Appendix A. Appendix

Table of Contents

A.1. The Debian maze
A.2. Copyright history
A.3. Document format

Here are backgrounds of this document.

The Linux system is a very powerful computing platform for a networked computer. However, learning how to use all its capabilities is not easy. Setting up the LPR printer queue with a non-PostScript printer was a good example of stumble points. (There are no issues anymore since newer installations use the new CUPS system.)

There is a complete, detailed map called the "SOURCE CODE". This is very accurate but very hard to understand. There are also references called HOWTO and mini-HOWTO. They are easier to understand but tend to give too much detail and lose the big picture. I sometimes have a problem finding the right section in a long HOWTO when I need a few commands to invoke.

I hope this "Debian Reference (version 2)" provides a good starting direction for people in the Debian maze.

The Debian Reference was initiated by me, Osamu Aoki <osamu at debian dot org>, as a personal system administration memo. Many contents came from the knowledge I gained from the debian-user mailing list and other Debian resources.

Following a suggestion from Josip Rodin, who was very active with the Debian Documentation Project (DDP), "Debian Reference (version 1, 2001-2007)" was created as a part of DDP documents.

After 6 years, I realized that the original "Debian Reference (version 1)" was outdated and started to rewrite many contents. New "Debian Reference (version 2)" is released in 2008.

The tutorial contents can trace its origin and its inspiration in followings.

  • "Linux User's Guide" by Larry Greenfield (December 1996)

    • obsoleted by "Debian Tutorial"

  • "Debian Tutorial" by Havoc Pennington. (11 December, 1998)

    • partially written by Oliver Elphick, Ole Tetlie, James Treacy, Craig Sawyer, and Ivan E. Moore II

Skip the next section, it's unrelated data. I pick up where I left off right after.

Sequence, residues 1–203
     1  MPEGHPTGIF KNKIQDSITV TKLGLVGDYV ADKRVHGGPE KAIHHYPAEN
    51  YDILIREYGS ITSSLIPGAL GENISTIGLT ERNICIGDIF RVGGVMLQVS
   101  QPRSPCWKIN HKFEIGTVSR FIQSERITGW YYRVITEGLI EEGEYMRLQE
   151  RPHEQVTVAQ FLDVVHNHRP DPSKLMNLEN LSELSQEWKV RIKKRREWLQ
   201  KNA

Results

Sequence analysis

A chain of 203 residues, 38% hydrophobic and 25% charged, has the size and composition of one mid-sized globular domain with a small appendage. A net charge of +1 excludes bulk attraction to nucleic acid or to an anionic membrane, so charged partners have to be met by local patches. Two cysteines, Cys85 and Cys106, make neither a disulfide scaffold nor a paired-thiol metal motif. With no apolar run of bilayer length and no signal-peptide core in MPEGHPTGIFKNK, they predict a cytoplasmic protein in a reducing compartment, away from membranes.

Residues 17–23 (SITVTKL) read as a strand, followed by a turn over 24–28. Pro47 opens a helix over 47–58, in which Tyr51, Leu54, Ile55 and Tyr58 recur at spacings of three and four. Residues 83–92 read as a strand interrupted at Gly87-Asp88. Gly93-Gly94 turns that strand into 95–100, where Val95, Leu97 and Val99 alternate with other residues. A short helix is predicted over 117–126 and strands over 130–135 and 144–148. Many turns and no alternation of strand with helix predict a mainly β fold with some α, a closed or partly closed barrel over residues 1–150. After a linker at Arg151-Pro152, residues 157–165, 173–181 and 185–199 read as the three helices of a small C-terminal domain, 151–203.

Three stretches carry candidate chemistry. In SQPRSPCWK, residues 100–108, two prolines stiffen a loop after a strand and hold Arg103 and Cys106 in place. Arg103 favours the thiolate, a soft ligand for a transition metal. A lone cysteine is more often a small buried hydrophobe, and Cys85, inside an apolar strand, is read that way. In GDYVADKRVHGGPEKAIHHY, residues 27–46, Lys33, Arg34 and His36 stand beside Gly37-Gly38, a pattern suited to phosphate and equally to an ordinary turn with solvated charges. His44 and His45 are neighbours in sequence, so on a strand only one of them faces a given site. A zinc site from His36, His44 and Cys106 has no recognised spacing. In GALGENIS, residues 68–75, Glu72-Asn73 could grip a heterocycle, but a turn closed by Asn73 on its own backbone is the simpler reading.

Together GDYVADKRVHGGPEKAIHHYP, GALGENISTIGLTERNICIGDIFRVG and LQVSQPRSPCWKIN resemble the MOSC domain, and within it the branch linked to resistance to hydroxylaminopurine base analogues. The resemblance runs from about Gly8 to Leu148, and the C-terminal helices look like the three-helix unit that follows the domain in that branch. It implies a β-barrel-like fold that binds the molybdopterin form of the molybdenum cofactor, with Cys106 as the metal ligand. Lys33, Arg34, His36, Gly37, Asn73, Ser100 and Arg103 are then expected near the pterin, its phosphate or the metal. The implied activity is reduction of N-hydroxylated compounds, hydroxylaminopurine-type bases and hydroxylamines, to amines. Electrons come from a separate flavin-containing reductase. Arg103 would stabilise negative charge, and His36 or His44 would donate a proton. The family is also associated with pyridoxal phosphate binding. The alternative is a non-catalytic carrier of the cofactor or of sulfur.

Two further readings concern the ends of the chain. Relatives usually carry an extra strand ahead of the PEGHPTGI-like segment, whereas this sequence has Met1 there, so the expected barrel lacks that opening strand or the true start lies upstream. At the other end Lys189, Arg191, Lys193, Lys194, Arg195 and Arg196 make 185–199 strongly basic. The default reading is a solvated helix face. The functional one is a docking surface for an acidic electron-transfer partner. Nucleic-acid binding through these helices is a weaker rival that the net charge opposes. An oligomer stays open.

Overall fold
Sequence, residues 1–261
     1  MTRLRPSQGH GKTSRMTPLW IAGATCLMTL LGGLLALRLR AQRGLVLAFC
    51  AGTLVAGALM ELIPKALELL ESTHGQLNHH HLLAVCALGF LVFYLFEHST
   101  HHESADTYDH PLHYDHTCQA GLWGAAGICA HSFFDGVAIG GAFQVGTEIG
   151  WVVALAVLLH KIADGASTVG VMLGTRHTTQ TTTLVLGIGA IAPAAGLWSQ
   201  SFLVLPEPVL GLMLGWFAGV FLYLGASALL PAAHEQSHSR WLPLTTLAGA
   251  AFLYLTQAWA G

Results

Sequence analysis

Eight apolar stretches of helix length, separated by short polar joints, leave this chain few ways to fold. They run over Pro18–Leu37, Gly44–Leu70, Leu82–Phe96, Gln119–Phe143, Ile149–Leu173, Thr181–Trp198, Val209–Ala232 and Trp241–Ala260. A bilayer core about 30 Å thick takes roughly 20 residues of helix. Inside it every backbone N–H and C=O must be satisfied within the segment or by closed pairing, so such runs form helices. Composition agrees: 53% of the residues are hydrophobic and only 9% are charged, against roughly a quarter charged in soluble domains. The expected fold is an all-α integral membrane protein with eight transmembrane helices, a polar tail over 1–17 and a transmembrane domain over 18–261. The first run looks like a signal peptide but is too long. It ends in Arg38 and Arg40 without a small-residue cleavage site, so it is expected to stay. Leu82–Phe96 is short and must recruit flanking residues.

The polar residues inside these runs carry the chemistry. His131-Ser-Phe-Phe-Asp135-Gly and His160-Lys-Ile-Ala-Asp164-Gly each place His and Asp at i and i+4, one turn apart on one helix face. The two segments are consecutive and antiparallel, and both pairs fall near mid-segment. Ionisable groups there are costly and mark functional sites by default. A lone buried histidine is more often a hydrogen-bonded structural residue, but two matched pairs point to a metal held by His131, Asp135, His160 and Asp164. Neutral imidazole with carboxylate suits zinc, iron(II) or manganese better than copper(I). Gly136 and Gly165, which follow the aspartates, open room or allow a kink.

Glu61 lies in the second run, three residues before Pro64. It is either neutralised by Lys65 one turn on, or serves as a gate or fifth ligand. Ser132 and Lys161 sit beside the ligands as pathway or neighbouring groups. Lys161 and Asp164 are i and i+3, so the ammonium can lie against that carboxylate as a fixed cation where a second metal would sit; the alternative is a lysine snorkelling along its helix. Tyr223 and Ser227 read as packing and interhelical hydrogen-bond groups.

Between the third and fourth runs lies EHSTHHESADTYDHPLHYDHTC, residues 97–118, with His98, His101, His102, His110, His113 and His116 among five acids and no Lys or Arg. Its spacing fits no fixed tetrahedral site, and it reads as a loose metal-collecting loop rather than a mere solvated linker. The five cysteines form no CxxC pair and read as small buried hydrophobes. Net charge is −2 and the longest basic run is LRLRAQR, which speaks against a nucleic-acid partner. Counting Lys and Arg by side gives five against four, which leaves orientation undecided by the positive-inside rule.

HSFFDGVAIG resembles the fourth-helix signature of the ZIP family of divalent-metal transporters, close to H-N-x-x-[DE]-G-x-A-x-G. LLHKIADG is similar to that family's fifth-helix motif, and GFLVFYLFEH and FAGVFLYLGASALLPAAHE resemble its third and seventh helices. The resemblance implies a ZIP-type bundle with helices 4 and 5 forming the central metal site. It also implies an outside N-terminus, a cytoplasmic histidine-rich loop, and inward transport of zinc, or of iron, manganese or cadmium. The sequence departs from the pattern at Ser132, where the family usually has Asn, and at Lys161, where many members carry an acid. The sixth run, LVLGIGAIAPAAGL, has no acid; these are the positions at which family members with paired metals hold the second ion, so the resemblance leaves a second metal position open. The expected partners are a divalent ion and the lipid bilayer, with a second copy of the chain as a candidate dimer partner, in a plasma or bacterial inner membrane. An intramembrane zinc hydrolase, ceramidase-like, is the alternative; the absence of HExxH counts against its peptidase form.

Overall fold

• obsoleted by "Debian GNU/Linux: Guide to Installation and Usage"

  • "Debian GNU/Linux: Guide to Installation and Usage" by John Goerzen and Ossama Othman (1999)

    • obsoleted by "Debian Reference (version 1)"

The package and archive description can trace some of their origin and their inspiration in following.

  • "Debian FAQ" (March 2002 version, when this was maintained by Josip Rodin)

The other contents can trace some of their origin and their inspiration in following.

  • "Debian Reference (version 1)" by Osamu Aoki (2001–2007)

    • obsoleted by this new "Debian Reference (version 2)"

The previous "Debian Reference (version 1)" was created with many contributors.

  • the major contents contribution on network configuration topics by Thomas Hood

  • significant contents contribution on X and VCS related topics by Brian Nelson

  • the help on the build scripts and many content corrections by Jens Seidel

  • extensive proofreading by David Sewell

  • many contributions by the translators, contributors, and bug reporters

Many manual pages and info pages on the Debian system were used as the primary references to write this document. To the extent Osamu Aoki considered within the fair use, many parts of them, especially command definitions, were used as phrase pieces after careful editorial efforts to fit them into the style and the objective of this document.

The gdb debugger description was expanded using Debian wiki contents on backtrace with consent by Ari Pollak, Loïc Minier, and Dafydd Harries.

Contents of "Debian Reference (version 2)" are mostly my own work except as mentioned above. These has been updated by the contributors too.

The author, Osamu Aoki, thanks all those who helped make this document possible.

The source of the English original document is currently written in AsciiDoc text files. AsciiDoc is used as convenience only since it is less typing than straight XML and supports table in the very intuitive format. You should think XML and PO files as real source files. Via build script, it is converted to DocBook XML format and automatically generated data are inserted to form a final Docbook XML source. This final Docbook XML source can be converted to HTML, epub, plain text, PostScript, and PDF. (Some formats may be skipped for distribution.)